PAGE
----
Statement of Shay Bilchik in Response to the House Passage of Welfare Reform

Child Welfare League of America
Thursday, 16 May 2002

Today, the U.S. House of Representatives lost an opportunity to help lift America's children and families out of poverty. With the passage of H.R. 4737, the welfare reform bill, the House failed to give families the tools they need to successfully move from welfare to work. Although the bill increases work requirements for single mothers to 40 hours per week, it provides no meaningful increases in federal child care funding. Current funding levels provide child care for only one of seven eligible children.

Families need good, quality child care, education, and training to get better jobs. They may also need help to move beyond barriers to employment like substance abuse, physical and mental disabilities, and literacy.

Although well intentioned, this measure actually creates roadblocks to permanent employment for struggling families. If we are serious about helping low income families find and keep permanent jobs that will lift them and their children out of poverty, we must provide more child care. If we are serious about improving the well-being of America's children and ensuring they enter school ready to learn, we must provide better quality child care.

There are more than 11 million children still living in poverty. Welfare reform is an opportunity to make children a national priority by investing in child care while at the same time, helping parents out of poverty through work, education, and additional work supports.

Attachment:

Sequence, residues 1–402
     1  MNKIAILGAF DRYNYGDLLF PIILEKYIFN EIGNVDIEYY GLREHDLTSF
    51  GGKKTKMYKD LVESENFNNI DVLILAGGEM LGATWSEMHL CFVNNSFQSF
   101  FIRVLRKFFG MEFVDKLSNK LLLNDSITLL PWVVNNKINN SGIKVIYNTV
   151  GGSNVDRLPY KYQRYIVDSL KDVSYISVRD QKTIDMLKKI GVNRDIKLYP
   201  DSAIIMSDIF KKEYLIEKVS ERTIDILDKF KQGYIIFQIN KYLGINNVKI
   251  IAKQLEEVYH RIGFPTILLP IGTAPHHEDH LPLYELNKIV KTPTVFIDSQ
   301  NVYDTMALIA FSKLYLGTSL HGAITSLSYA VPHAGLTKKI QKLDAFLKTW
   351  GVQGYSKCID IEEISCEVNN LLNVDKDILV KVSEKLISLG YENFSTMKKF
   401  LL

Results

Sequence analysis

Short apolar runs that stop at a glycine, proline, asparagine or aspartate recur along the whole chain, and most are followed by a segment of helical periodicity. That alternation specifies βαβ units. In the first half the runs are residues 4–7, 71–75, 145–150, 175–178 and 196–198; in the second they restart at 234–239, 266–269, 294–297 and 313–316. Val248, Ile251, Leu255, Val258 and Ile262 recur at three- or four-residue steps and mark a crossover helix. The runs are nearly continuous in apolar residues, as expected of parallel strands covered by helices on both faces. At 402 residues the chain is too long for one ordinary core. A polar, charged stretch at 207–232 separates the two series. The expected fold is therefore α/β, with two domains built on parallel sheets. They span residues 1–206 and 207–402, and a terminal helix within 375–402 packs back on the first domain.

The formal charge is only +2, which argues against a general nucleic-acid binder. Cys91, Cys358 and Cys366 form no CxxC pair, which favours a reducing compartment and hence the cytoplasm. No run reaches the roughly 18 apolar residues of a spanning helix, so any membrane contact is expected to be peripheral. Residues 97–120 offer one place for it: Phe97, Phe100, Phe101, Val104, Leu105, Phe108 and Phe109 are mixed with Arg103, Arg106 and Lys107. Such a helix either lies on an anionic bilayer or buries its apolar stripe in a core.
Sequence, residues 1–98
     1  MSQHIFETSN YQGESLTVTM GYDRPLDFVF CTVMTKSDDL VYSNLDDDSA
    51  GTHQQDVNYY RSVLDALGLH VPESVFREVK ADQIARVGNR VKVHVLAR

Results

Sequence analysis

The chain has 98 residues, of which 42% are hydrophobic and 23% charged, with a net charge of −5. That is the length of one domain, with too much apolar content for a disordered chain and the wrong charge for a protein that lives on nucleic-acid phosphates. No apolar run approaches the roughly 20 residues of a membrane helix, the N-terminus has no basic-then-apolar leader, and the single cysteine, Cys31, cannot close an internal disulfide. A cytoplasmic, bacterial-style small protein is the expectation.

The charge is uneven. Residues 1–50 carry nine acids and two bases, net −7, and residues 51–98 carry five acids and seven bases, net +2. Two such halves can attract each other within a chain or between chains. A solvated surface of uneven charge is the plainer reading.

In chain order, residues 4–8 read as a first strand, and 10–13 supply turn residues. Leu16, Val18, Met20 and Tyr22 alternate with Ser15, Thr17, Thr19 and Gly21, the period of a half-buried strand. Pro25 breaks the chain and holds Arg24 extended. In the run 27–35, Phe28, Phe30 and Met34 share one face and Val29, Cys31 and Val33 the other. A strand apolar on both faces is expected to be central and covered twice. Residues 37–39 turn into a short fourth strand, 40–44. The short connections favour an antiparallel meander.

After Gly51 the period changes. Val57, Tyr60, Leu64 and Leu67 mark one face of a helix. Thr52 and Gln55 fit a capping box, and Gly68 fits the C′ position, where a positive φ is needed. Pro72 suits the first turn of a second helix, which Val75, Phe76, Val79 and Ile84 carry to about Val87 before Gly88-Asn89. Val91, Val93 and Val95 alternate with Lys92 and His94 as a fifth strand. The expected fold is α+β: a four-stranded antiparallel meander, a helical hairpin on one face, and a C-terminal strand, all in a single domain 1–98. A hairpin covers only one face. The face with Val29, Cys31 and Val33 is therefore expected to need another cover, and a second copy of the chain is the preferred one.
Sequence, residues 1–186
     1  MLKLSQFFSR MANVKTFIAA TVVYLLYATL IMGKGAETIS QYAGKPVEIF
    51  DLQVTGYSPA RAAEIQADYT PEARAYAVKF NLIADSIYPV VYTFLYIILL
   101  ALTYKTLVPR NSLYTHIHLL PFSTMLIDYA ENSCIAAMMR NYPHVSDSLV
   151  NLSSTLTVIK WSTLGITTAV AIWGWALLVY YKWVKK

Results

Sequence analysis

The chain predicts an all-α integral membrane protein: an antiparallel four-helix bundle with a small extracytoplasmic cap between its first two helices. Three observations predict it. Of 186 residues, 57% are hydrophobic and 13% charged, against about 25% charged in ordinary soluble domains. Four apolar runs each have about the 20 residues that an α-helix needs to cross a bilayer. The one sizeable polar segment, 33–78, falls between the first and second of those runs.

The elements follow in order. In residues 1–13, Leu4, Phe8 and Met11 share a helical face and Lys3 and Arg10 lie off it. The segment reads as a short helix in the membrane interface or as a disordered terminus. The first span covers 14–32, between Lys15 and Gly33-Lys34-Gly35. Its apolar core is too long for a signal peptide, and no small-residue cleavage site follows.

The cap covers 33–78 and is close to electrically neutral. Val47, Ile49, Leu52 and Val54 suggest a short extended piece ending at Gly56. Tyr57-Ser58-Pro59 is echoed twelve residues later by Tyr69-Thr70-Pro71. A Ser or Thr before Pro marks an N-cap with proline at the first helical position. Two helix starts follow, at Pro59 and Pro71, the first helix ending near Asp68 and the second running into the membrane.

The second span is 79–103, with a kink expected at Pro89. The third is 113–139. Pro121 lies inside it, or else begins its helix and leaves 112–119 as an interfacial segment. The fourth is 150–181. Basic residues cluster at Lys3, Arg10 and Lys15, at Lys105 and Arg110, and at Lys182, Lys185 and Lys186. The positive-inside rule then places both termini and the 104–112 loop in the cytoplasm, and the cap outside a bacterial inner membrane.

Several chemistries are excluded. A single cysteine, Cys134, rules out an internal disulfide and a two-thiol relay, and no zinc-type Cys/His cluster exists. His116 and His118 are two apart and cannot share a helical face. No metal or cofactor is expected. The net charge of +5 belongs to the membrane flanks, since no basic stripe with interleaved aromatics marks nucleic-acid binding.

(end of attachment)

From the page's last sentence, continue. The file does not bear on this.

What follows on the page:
We hope the Senate will not let this opportunity pass when it considers its version of the welfare reform bill.

Established in 1920, the Child Welfare League of America is the nation's oldest and largest membership-based child welfare organization. Headquartered in Washington, DC, CWLA strives to advance sound public policy in behalf of the more than three million abused, neglected, and vulnerable children served by its 1,170 public and private member agencies. To further its mission of preserving, protecting, and promoting the well-being of all children and families, CWLA conducts research, develops standards of best practice, hosts regional and national conferences, provides comprehensive, field-based consultation and professional development services, and is the largest publisher of child welfare materials in North America.

For more information, or to contact Child Welfare League of America, see their website at: www.cwla.org

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